Monday, July 11, 2011

Roma

This weekend we went to Rome - it was incredible, we went to St. Peter's basilica, the Vatican Museum, the Villa Borghese, and some other places.  I know pictures are worth a thousand words, so without further ado here are a bunch:



Piazza Navona



at the Pantheon



 inside the Pantheon.  It's amazing how big the thing is - how they built it 
without machinery, computers, or cranes is way beyond me.



 view overlooking the Roman Forum in the foreground 
and the Coliseum in the background



 il Foro Romano - the Roman Forum



 la Piazza San Pietro 



 in the Vatican Museum, in Le Stanze di Raphaelo (Raphael's Rooms).  It's really cool
to stand in front of so many of these sculptures and paintings that I've read about and seen
pictures of for years.



 in the Cappella Sistina



 If I could go back in time, I would want to see a gladiator fight in the 
Coliseum.  Seeing a picture of this building doesn't do it justice - at the height of
Imperial Rome's power, people (60,000 or so, at max capacity) would flood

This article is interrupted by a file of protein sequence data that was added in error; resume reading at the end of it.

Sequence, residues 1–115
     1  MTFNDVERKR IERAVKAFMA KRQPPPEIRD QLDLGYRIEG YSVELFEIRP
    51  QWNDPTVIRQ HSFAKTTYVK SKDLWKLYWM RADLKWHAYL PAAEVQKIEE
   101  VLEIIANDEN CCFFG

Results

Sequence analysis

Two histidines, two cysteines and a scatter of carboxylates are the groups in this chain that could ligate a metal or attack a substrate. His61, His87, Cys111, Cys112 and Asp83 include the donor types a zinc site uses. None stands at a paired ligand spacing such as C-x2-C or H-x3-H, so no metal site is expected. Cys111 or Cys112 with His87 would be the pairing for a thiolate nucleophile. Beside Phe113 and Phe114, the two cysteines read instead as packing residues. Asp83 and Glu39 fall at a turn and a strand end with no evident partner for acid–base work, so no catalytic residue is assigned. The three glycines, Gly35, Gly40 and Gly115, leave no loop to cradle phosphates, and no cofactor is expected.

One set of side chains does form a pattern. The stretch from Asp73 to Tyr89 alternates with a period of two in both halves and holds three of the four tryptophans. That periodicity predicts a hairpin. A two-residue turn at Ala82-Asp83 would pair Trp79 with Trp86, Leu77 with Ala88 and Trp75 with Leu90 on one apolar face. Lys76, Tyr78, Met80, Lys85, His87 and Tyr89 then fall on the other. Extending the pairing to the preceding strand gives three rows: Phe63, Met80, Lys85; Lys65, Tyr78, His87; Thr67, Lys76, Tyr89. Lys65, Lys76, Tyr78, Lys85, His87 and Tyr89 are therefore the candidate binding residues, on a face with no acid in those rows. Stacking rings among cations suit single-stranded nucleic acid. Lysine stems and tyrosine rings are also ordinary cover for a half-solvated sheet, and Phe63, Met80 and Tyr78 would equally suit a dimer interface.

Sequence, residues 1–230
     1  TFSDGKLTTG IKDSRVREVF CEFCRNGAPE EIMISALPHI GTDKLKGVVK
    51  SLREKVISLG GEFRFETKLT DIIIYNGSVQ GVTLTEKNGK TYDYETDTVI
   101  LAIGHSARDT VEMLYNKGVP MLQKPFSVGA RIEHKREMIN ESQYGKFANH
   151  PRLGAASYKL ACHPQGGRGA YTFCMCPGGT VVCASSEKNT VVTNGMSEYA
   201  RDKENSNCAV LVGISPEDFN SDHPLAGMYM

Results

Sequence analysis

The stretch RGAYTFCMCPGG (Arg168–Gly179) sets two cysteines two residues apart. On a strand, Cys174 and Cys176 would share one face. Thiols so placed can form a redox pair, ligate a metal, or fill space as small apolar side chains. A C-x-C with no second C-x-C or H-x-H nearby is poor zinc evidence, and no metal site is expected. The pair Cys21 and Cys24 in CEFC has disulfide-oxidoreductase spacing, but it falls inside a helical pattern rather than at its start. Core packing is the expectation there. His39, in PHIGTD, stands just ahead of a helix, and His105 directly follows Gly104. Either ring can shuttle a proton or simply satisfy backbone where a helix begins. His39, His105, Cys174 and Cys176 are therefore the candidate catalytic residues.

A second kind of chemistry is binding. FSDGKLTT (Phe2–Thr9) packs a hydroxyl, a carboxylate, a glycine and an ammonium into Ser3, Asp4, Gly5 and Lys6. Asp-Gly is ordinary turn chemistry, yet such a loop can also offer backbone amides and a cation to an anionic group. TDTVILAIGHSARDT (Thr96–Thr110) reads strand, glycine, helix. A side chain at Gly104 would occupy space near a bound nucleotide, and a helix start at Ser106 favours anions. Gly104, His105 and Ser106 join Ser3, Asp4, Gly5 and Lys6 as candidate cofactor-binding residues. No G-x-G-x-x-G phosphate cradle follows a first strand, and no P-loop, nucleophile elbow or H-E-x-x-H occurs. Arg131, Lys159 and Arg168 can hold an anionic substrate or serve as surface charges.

this huge arena to scream themselves hoarse over gladiator fights that give
new meaning to the word "competition".



So that's a few pictures of what I did and saw this past weekend.  Some of the best art was at the Villa Borghese, where unfortunately cameras are not allowed.  I was a few feet away from Michelangelo, Bernini, and many others.  It is amazing how real and lifelike they could make stone appear.  Bernini's sculpture of David (just as he was about to sling the rock that killed Goliath, not the more-famous David that Michelangelo sculpted) was my personal favorite.  It was almost as if someone snapped a photo just as he was about to sling the rock - you can see the emotion on his face, how tense his muscles are, how heavy the rock is in the sling, how taut the sling is.  I was blown away at the detail and the precision, and I realized that every picture ever taken of it (and countless other works of art) just doesn't do it justice.

Rome is amazing, I obviously recommend everyone go there.  The amount and the scope of the history everywhere I visited in the city was incredible.


A presto,
Rhett

Thursday, July 7, 2011

Il Palio / Firenze

This past week was the Palio, Siena's horse race in the Piazza del Campo, the main square in the center of town.  It was incredible - there must have been 50,000 people, probably more, crammed into the Piazza last Saturday to see the race.  There was a procession beforehand, like a parade, and each contrada was represented with drummers, horsemen, flags, knights, and trumpets.  It was like something straight out of medieval times.  Really cool.  Really long, but still cool.

Then after the procession was the race itself.  I've never seen anything like it.  I took a lot of cool pictures, but they were with someone else's camera so as soon as I get them I'll post them.